“The last set out the soonest did arrive”

Nisus and Euryalus (1872) by Jean-Baptiste Roman (Louvre Museum)

The hot days of summer continue, and I am enjoying moments to leaf through some books which have not been opened for a very long time. The Selected Poems of John Dryden, is one such book. Dryden (1631-1700) not only a poet but a satirist, translator and playwright and first Poet Laureate in 1668. He is famous for his poem Absalom and Achitophel, but it is his 25 line elegy to his good friend, the poet and satirist, John Oldham (1653-1683) that I share with you today. Please note the very tight control of language, not one wasted word. Note also the balance between the themes of mournful and playful, as he tries to honor his friend and to score a few points over him even in his death! Enjoy the rhyming couplets in self contained pairs. One reading is never enough, so spoil yourself read it a good few times and then some more. Take a little time to search out the story of Nisus and don’t miss the reference to Marcellus, the great but short lived Roman general.

To the Memory of Mr. Oldham

Farewell, too little and too lately known,
Whom I began to think and call my own;
For sure our souls were near ally’d; and thine
Cast in the same poetic mould with mine.
One common note on either lyre did strike,
And knaves and fools we both abhorr’d alike:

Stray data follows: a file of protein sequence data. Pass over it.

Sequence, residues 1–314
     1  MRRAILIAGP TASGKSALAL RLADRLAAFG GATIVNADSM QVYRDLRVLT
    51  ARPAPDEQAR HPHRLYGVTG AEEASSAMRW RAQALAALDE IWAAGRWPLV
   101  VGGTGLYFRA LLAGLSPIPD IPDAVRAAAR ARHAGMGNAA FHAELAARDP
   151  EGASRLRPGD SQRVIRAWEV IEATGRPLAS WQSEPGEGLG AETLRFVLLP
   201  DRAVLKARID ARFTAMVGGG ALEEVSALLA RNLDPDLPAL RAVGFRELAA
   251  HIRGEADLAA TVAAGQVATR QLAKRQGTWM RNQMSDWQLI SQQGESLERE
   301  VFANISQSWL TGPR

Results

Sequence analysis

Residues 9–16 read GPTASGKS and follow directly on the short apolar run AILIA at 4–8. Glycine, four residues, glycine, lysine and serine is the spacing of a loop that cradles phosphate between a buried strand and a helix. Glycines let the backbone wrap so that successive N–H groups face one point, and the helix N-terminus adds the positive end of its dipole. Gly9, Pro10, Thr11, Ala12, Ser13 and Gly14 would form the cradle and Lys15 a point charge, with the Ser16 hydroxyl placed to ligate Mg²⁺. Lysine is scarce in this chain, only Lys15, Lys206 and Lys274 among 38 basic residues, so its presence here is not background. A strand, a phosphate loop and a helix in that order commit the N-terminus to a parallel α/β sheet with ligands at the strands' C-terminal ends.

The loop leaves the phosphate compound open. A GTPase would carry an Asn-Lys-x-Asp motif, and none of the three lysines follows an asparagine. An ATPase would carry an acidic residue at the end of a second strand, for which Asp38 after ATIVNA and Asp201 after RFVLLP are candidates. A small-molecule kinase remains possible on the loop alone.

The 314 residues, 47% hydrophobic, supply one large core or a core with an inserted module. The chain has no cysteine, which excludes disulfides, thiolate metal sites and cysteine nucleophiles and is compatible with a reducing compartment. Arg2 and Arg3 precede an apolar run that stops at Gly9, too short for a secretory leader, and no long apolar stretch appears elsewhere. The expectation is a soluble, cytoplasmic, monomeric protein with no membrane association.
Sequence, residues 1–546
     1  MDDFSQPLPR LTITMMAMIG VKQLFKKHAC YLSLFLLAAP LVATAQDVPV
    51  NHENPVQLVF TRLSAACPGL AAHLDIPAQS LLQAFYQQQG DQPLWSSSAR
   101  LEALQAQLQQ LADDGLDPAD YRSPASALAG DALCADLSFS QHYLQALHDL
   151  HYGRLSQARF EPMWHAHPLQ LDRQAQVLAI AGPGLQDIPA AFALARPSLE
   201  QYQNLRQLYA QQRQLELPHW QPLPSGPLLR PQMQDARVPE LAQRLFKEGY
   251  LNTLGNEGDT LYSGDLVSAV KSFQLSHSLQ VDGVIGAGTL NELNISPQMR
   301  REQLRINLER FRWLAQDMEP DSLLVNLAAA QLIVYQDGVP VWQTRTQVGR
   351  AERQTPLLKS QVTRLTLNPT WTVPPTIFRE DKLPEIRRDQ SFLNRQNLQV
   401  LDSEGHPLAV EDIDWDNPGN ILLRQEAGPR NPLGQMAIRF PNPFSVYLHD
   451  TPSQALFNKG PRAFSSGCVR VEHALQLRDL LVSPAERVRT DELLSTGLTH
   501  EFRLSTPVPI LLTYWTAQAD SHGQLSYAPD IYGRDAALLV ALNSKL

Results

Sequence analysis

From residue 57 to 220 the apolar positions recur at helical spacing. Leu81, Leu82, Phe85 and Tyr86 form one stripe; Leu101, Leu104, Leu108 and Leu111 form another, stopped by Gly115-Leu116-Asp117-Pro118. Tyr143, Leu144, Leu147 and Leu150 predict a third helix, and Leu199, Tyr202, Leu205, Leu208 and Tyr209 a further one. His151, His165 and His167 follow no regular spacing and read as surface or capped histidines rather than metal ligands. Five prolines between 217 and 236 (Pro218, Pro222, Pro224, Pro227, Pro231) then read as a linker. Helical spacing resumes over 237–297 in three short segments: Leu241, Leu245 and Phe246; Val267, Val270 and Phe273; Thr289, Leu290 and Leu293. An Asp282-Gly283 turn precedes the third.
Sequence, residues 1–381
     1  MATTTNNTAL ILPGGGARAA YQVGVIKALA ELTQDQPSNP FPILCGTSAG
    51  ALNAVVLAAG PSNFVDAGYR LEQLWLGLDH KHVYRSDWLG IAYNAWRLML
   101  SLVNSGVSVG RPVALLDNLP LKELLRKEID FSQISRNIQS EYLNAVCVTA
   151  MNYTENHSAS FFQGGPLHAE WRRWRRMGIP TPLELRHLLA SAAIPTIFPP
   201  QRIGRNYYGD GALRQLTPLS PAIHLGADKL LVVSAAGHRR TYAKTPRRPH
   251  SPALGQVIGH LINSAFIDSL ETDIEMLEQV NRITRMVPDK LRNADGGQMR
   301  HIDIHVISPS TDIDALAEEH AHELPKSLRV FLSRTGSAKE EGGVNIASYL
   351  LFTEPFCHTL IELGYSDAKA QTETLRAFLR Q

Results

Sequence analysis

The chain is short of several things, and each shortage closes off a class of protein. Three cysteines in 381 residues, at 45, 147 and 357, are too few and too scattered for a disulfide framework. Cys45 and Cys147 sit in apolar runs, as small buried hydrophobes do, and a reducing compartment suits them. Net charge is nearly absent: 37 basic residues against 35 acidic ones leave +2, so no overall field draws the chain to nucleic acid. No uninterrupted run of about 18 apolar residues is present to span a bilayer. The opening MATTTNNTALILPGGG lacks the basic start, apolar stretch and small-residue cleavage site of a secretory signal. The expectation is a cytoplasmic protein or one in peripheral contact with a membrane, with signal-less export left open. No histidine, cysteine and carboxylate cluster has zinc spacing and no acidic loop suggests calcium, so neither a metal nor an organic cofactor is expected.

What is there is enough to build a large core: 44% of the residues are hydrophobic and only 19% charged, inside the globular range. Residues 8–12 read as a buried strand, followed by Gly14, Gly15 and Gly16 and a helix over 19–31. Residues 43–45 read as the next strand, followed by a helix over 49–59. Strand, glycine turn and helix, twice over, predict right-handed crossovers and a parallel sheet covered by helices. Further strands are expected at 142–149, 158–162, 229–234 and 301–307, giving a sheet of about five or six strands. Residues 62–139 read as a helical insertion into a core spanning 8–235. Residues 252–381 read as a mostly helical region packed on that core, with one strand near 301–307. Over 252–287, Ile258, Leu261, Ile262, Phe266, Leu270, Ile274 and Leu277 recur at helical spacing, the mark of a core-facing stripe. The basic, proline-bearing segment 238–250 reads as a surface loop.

To the same goal did both our studies drive,
The last set out the soonest did arrive.
Thus Nisus fell upon the slippery place,
While his young friend perform’d and won the race.
O early ripe! to thy abundant store
What could advancing age have added more?
It might (what nature never gives the young)
Have taught the numbers of thy native tongue.
But satire needs not those, and wit will shine
Through the harsh cadence of a rugged line.
A noble error, and but seldom made,
When poets are by too much force betray’d.
Thy generous fruits, though gather’d ere their prime
Still show’d a quickness; and maturing time
But mellows what we write to the dull sweets of rhyme.
Once more, hail and farewell; farewell thou young,
But ah too short, Marcellus of our tongue;
Thy brows with ivy, and with laurels bound;
But fate and gloomy night encompass thee around. John Dryden

Deliver us, O Lord, from evil.
O Lord Jesu Christ, guard ever in all good works.
O fount and author of all good things,
O God empty us from faults,
And replenish us with good virtues.
Through Thee, O Christ Jesu. (from The Book of Deer – 10th-century Latin Gospel
containing the earliest surviving Gaelic writing

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